On sovereign debt, Canada is headed in the right direction, whereas . . .
The spending reforms of the 1990s allowed the Canadian federal government to balance its budget every year between 1998 and 2008. The government’s debt plunged from 68 percent of GDP in 1995 to just 34 percent today. In the United States federal debt held by the public fell during the 1990s, reaching a low of 33 percent of GDP in 2001, but debt has soared since then to reach more than 70 percent today.
Canada’s results in the 1990s and 2000s are yet one more addition to the body of evidence that Keynesian principles are incorrect:
Canada’s fiscal reforms undermine the Keynesian notion that cutting government spending harms economic growth. Canada’s cuts were coincident with the beginning of a 15-year boom that only ended when the United States dragged Canada into recession in 2009. The Canadian unemployment rate plunged from more than 11 percent in the early 1990s to less than 7 percent by the end of that decade as the government shrank in size. After the 2009 recession, Canada has resumed solid growth and its unemployment rate today is about a percentage point lower than the U.S. rate.
Those who read these pages regularly know that I am a huge opponent of corporate taxes. They bring in very little revenue, but they have a major dampening effect on growth. Canada got religion on that subject:
The most dramatic cuts were to corporate taxes. The federal corporate tax rate was cut from 29 percent in 2000 to 15 percent in 2012. Most provinces also trimmed their corporate taxes, so that the overall average rate in Canada is just 27 percent today. By contrast, the average U.S. federal-state rate is 40 percent.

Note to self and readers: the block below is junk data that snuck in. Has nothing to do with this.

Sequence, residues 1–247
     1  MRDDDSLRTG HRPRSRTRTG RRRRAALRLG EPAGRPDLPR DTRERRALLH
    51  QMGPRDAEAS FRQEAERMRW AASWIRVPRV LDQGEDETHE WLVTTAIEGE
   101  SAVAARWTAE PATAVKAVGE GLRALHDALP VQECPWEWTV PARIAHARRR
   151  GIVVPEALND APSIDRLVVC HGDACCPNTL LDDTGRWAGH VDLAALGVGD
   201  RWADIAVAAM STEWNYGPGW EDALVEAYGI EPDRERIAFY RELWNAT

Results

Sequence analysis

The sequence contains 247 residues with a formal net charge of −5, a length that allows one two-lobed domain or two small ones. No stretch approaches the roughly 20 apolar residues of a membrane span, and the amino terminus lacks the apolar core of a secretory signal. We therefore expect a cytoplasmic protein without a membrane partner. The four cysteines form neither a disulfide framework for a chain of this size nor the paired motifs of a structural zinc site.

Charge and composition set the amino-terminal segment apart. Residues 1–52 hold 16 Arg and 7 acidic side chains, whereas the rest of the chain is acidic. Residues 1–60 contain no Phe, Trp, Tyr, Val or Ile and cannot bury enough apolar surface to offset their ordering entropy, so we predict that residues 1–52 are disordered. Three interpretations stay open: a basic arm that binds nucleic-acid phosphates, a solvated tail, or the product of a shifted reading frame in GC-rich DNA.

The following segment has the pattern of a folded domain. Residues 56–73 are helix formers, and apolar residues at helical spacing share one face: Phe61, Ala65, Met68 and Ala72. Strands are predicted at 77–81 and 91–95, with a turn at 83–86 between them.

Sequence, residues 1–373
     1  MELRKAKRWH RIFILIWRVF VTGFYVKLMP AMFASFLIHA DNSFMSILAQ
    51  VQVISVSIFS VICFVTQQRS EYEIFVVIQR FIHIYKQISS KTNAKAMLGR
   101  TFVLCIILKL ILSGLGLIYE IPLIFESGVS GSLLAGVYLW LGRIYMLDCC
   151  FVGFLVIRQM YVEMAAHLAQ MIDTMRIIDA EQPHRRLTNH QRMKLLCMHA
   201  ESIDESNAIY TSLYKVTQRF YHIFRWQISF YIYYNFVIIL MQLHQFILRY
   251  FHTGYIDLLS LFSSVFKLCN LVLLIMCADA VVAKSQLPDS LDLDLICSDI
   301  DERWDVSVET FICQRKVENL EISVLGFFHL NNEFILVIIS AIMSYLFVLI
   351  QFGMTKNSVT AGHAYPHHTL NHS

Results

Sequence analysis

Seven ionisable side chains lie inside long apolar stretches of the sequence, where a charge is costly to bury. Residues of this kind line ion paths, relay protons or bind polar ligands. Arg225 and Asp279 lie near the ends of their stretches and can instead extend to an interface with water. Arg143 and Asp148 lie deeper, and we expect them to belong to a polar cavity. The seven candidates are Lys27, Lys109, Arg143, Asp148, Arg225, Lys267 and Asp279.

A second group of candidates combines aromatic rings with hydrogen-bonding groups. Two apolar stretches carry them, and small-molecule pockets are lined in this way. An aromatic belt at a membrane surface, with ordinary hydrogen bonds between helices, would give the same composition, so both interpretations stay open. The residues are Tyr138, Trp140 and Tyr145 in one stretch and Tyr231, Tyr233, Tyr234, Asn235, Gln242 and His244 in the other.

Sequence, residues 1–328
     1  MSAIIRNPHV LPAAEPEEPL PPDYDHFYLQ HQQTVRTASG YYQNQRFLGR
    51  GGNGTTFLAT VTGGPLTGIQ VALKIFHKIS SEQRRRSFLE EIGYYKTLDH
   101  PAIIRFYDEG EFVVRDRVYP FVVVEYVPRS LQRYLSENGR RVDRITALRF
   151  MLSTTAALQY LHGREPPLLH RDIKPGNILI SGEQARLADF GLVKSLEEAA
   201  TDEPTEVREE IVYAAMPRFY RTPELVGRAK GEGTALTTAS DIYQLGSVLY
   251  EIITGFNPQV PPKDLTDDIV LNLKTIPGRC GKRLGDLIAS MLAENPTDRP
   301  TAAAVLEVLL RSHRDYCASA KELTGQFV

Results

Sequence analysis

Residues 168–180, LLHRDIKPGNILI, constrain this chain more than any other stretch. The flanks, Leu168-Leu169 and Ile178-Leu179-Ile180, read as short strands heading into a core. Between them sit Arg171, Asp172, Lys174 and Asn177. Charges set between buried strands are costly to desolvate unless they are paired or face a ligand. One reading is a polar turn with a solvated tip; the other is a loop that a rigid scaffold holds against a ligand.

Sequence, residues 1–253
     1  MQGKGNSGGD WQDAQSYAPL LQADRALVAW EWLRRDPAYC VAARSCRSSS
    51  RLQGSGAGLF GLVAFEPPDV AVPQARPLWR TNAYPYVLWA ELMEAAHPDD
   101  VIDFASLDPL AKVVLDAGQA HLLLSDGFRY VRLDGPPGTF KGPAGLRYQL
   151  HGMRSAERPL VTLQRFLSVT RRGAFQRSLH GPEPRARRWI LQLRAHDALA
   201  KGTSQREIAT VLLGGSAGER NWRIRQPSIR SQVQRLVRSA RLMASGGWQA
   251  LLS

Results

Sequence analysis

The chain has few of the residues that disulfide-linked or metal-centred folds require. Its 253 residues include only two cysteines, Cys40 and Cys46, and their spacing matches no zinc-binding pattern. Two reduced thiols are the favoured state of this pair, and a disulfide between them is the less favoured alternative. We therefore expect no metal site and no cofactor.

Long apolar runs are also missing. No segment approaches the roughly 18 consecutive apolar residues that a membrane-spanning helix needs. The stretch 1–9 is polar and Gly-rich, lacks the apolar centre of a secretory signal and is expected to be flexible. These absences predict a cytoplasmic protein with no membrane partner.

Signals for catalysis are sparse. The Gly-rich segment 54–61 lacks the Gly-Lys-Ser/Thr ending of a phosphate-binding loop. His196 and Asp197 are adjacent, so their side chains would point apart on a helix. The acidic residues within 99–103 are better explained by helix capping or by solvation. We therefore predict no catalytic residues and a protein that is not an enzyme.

And the proof is in the pudding:
Canada’s federal corporate tax rate has been cut from 38 percent in the early 1980s to just 15 percent today. Despite the much lower rate, tax revenues have not declined. Indeed, corporate tax revenues averaged 2.1 percent of GDP during the 1980s and a slightly higher 2.3 percent during the 2000s.
Now compare Canada with the United States. In 2012, Canada is expecting to collect 1.9 percent of GDP in federal corporate income taxes with a 15 percent corporate tax rate. The United States is expecting to collect 1.6 percent of GDP at a 35 percent corporate tax rate. Thus, the high U.S. rate is not only bad for the economy, but it also doesn’t help the government collect any added revenue.
Canada has more federalism (a.k.a. subsidiarity, decentralization, etc.), and federalism works!
One of Canada’s strengths is that it is a decentralized federation. The provinces compete with each other over fiscal and economic matters, and they have wide latitude to pursue different policies. Federalism has allowed for healthy policy diversity in Canada, and it has promoted government restraint.
Government spending has become much more centralized in the United States than it has in Canada. In the United States, 71 percent of total government spending is federal and 29 percent is state-local. In Canada it’s the reverse—38 percent is federal and 62 percent is provincial-local.
The piece goes on to acknowledge that Canada also has a number of problems and is far from being a free-market paradise. But it has also, in the last decade, become a more economically free nation than the United States. It was one thing when we in the U.S. were only behind Hong Kong and Singapore on rankings of economic freedom. But now, we’ve dropped down—depending on which ranking system you’re looking at—to tenth, with Canada, New Zealand, and other nations ahead of us.
It’s time we take a cue from our friendly neighbors to the north and move away from the failed policies of statism, Keynesianism, and welfare-state capitalism. Canada is showing us the future, and the future works.